As noted above, water dissolves CO2; this means that oceans dissolve or absorb enormous amounts of that gas. For all of human history and well before, the oceans were in equilibrium with the atmosphere, absorbing and releasing this gas. Until 20 years ago, the seas were able to buffer all the CO2 in the air. In the 1960s, when I was in graduate school studying ecology, we were taught that the ocean was so vast that it would never become acidic from absorbing too much CO2, and thus CO2 would stay at a very small concentration in the atmosphere. Now, a 2013 publication from the National Academy of Sciences reports that the concentration of CO2 in the atmosphere is already 10,000 times the level reflected anywhere in the entire geological record. This level of CO2 is rapidly overwhelming the buffering capacity of the oceans. Several years ago, researchers found that huge stretches of the North Atlantic were already saturated with CO2 and unable to absorb any further amounts without becoming acid. Ocean acidity exposes microscopic plants, sea weed, and corals to extreme danger and drastically changes the environment of most other sea creatures. The limitation on absorption of CO2 by the ocean means that the concentration of CO2 in the atmosphere will rise even faster along with global temperatures.
Water has other astonishing capacities. Water is very unusual in that it expands near the freezing point and breaks mountains into soil and concrete into rubble. When water evaporates, two things happen: 1. the water is purified because impurities are left behind in the process of evaporation, and 2. when evaporating, water takes on and stores enormous amounts of energy from the sun. This is exactly the same kind of energy that is released in steam engines. Thunderstorms and hurricanes are an expression of the energy stored in water vapor: storms move that energy around and release it far from the point of origin. Global warming means that there will be more water sucked up into the atmosphere creating more intense storms, like Sandy or Katrina. Climate change also means that whole weather patterns will intensify as seen in last year’s drought throughout the whole central part of the U. S., a drought now unbroken by fall rains or winter snows. This has left the Mississippi unable to fill its banks, creating limitations on shipping.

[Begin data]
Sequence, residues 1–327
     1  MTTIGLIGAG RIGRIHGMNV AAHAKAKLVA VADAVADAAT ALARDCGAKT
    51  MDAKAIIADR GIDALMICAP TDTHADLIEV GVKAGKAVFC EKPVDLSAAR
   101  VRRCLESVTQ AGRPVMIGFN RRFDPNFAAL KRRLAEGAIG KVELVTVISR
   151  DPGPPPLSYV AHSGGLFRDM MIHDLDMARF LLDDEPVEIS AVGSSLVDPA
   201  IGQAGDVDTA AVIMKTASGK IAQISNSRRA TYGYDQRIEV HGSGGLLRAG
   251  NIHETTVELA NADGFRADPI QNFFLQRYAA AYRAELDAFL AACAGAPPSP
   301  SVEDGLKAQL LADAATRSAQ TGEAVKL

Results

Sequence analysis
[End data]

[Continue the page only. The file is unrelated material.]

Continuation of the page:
Many indigenous societies honor water as the very source and sustainer of life and recognize water as essential to the world around them as well as to themselves. In many of these societies water functions as a deity or as a profound gift from deity, deserving of its own ceremonies. Our modern response to water is slowly improving but is still often egregious. For instance, in fracking, we pump tons of secret, explosive substances deep into the ground through aquifer layers. What comes back up after the explosive is detonated is a toxic mix, sometimes including radioactive material. None of the frackers seem even vaguely interested in finding way to recycle the stuff or turn it into a substance that won’t further pollute the environment. Fracking is a huge and dangerous experiment. We have enough wells in the ground now to stop drilling until we make a thorough analysis of the entire process with the aim of seeing if fracking is to be included in an appropriate relationship with the world God so loves.
In many parts of the world, access to water may mean a walk of two kilometers or more carrying a heavy water jug. Women and girls literally bear the burden of securing the family water supply. Each day, a sizable amount of time is required just to obtain water, sometimes getting in the way of educational opportunities. Aid has often been addressed to improving the water supply for humans, but often deeper wells have led to a dramatic lowering of the water table and the drying of water holes for other species. Dramatic examples occur in Djibouti and around Lake Chad in Africa.
We must now learn to live in what we might call the ecospheric way (in contrast to anthropocentric). The ecospheric relationship honors the way the Earth works. It is clear that economic incentives and our unconscious but intense anthropocentrism are not adequate to the water or warming challenges. Indeed, they are often destructive. Understanding water can help us recognize that our lives are a part of nature, not apart from it. We still have to learn fully what this means. We must all recognize that our lives, and those of our children, our grandchildren, and theirs depend on that acknowledgement. Shaping our actions accordingly, we may nurture that world God so loves.
*Dr. Paul Heltne originally spoke about water’s importance from a scientists perspective at Dominican University’s Siena Center last year as part of the Albertus Magnus Society’s Lecture series “Making Waves.” Heltne has a Ph.D. from the University of Chicago. After teaching at the Johns Hopkins University School of Medicine for 12 years, he was named the Director, later President of the Chicago Academy of Sciences and led the effort to build the Peggy Notebaert Nature Museum. He was a founding Director of the Center for Humans and Nature and a board member of CASIRAS and he is currently Director of the Ethopoiesis Project.
Covalence, February 2013